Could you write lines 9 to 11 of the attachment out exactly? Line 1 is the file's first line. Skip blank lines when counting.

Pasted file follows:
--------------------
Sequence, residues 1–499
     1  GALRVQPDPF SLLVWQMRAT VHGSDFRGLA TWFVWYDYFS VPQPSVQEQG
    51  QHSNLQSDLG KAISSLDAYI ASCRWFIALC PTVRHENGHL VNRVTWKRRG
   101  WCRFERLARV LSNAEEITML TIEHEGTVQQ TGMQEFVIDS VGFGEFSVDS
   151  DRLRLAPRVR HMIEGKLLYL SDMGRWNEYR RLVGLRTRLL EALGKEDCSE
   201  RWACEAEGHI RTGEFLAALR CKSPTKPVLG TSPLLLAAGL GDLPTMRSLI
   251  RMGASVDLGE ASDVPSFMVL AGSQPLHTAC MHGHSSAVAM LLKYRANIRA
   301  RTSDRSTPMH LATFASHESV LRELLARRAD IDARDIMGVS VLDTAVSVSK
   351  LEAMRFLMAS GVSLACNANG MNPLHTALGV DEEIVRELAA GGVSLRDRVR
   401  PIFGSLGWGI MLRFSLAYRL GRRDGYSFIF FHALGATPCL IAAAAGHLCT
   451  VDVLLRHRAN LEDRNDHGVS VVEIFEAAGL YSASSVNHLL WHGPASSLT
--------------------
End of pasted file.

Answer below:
   351  LEAMRFLMAS GVSLACNANG MNPLHTALGV DEEIVRELAA GGVSLRDRVR
   401  PIFGSLGWGI MLRFSLAYRL GRRDGYSFIF FHALGATPCL IAAAAGHLCT
   451  VDVLLRHRAN LEDRNDHGVS VVEIFEAAGL YSASSVNHLL WHGPASSLT